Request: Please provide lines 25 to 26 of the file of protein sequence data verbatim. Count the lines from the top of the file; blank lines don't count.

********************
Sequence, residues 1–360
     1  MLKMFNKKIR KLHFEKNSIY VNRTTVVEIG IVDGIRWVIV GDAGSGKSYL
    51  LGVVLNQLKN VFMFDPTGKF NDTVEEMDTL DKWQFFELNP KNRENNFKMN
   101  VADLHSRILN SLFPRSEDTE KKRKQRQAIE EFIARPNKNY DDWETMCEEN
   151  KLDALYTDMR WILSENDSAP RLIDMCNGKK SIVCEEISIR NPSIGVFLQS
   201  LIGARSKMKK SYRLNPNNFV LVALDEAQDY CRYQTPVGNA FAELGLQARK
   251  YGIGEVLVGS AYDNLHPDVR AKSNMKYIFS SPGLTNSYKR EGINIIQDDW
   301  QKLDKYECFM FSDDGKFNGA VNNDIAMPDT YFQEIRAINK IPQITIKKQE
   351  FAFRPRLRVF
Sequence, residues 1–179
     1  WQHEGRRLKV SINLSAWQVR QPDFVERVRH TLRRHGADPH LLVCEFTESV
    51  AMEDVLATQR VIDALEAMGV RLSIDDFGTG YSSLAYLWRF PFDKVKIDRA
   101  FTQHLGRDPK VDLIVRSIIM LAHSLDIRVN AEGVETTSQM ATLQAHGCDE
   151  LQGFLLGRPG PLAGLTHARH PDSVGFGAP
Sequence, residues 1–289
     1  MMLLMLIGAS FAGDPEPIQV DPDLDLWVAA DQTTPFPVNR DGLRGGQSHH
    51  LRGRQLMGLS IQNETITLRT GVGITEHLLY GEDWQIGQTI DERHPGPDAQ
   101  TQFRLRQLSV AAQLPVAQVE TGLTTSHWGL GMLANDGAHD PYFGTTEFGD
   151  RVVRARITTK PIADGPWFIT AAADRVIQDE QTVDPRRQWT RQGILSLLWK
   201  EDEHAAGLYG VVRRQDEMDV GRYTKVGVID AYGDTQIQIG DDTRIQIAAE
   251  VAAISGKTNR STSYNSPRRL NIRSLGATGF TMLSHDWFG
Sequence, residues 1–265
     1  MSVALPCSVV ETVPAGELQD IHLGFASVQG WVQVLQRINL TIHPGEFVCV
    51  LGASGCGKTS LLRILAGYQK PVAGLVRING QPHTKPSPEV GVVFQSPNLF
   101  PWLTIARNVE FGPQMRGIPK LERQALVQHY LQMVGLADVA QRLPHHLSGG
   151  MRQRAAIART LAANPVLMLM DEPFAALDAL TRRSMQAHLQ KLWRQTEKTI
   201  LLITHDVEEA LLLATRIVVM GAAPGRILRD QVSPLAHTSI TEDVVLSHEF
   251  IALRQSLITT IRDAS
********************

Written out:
   101  PWLTIARNVE FGPQMRGIPK LERQALVQHY LQMVGLADVA QRLPHHLSGG
   151  MRQRAAIART LAANPVLMLM DEPFAALDAL TRRSMQAHLQ KLWRQTEKTI